Objective 1: Characterize VvMEl and VvME2 expression in grape leaves with regard to wounding or fungal attack.
The work thus far has shown that there are two malic enzyme genes in grape, VvMEl and VvME2. The VvMEl enzyme is a cytoplasmic form and VvME2 appears to be targeted to the plastid. Expression of grape malic enzyme is increased in leaves that are wounded and there is an additional increase when leaves are treated with elicitors after wounding. Using gene-specific probes we have shown that the plastid-targeted (VvME2) form is the one increased in leaves by wounding and elicitors, whereas the cytoplasmic form (VvMEl)remains relatively constant under these conditions.
Objective 2: Construct cDNA libraries from normal and elicitor-treated grape leaf tissue.
We isolated RNA from control grape leaves and ones treated with various elicitors and selected several samples from which to make the corresponding cDNA libraries. We made cDNA from the RNA by reverse transcription and are now prepared to attach linkers and make the libraries if this is indicated by the progress of the project (see above).
Objective 3: Carry out differential display experiments to identify mRNAs that are induced by wounding or fungal attack.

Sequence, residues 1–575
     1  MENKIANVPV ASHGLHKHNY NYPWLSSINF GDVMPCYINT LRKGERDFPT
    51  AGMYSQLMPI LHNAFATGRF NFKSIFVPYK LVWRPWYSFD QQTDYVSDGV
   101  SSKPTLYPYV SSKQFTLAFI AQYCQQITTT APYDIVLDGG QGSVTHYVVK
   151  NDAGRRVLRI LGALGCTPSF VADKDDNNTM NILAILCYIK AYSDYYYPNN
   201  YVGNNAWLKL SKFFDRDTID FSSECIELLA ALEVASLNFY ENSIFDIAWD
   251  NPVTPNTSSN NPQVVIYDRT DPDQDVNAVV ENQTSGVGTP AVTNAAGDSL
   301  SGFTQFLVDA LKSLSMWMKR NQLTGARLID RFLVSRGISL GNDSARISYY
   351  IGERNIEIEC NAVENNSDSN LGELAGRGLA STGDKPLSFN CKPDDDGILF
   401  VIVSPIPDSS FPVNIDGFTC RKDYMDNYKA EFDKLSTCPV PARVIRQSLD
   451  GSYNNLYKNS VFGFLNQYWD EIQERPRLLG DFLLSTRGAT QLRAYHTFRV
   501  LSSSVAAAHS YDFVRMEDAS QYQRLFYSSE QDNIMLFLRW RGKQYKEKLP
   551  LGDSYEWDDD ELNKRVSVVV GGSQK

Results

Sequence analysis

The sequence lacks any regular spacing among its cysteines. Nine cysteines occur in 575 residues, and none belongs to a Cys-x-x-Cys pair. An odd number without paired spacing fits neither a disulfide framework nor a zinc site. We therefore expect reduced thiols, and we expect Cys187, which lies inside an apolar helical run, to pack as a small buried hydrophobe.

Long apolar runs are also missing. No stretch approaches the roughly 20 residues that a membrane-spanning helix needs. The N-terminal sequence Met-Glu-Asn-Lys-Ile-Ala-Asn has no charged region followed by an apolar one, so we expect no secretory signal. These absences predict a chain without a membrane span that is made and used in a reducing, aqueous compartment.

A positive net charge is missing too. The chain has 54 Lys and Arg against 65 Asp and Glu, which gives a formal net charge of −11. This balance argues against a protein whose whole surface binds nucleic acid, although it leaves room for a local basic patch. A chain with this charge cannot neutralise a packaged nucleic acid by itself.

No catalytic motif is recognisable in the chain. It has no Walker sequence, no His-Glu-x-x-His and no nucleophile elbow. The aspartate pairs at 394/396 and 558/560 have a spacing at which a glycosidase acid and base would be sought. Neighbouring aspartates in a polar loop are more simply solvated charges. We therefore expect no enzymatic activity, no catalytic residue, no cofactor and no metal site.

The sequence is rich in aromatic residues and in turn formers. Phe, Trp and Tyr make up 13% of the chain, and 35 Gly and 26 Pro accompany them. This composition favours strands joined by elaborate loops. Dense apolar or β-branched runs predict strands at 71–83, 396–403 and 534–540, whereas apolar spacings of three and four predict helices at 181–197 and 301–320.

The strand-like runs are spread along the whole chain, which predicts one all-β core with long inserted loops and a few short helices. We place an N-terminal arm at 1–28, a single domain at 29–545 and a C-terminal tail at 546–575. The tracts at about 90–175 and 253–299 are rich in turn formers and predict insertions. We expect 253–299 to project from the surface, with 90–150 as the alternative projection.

We isolated RNA from grape leaves that were either unwounded (control) or induced with various treatments. A cDNA library of the mRNAs was constructed using reverse transcriptase and we amplified a grape glutathione reductase from the cDNA. This result is important because it demonstrates that the RNA isolation and the reverse transcriptase step were successful. We designed a degenerate oligonucleotide specific to the region of phenylalanine ammonia lyase (PAL) encoding the active site of the protein. This oligonucleotide was used in conjunction with an “nv-poly-dT” primer to selectively amplify sequences from the cDNA. Seven bands were obtained and these are being sequenced to confirm that they represent PAL cDNAs. The experiments with glutathione reductase and PAL have shown that we have a working system and we are now proceeding to the more difficult step of amplifying non-specific sequences by random priming in the PCR amplification step.